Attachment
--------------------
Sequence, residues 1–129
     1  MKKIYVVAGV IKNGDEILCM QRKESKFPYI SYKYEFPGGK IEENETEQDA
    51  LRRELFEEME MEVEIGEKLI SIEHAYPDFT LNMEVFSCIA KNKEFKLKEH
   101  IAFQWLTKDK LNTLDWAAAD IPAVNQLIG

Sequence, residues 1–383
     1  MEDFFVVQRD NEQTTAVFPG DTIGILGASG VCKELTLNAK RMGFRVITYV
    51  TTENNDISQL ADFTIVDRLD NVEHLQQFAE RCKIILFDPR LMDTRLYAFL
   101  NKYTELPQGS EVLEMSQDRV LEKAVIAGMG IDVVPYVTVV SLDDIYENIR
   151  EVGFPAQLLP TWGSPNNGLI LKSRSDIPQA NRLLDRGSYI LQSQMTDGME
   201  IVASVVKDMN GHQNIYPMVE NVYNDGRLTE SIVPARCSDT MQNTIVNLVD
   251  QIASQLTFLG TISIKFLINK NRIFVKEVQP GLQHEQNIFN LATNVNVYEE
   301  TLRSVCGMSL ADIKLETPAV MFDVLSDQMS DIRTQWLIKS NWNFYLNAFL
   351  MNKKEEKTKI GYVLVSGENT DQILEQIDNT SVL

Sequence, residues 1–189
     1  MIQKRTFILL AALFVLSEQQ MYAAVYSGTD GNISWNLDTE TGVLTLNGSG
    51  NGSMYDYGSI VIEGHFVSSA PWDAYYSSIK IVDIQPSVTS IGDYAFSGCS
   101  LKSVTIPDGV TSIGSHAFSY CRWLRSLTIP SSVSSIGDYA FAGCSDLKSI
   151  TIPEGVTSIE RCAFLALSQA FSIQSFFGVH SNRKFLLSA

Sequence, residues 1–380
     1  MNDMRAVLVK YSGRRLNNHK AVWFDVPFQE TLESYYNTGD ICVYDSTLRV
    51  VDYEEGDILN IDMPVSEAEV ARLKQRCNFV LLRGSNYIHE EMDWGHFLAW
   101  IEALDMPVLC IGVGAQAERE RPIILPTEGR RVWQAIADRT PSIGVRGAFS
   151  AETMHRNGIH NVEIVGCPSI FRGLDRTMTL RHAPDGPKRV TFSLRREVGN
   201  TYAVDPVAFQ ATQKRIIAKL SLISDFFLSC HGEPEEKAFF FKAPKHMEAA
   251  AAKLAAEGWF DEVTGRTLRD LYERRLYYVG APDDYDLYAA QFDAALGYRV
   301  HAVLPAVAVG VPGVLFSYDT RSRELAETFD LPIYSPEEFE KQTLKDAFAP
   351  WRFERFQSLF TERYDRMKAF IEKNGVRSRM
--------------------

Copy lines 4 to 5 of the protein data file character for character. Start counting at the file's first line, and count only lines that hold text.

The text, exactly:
   101  IAFQWLTKDK LNTLDWAAAD IPAVNQLIG

Sequence, residues 1–383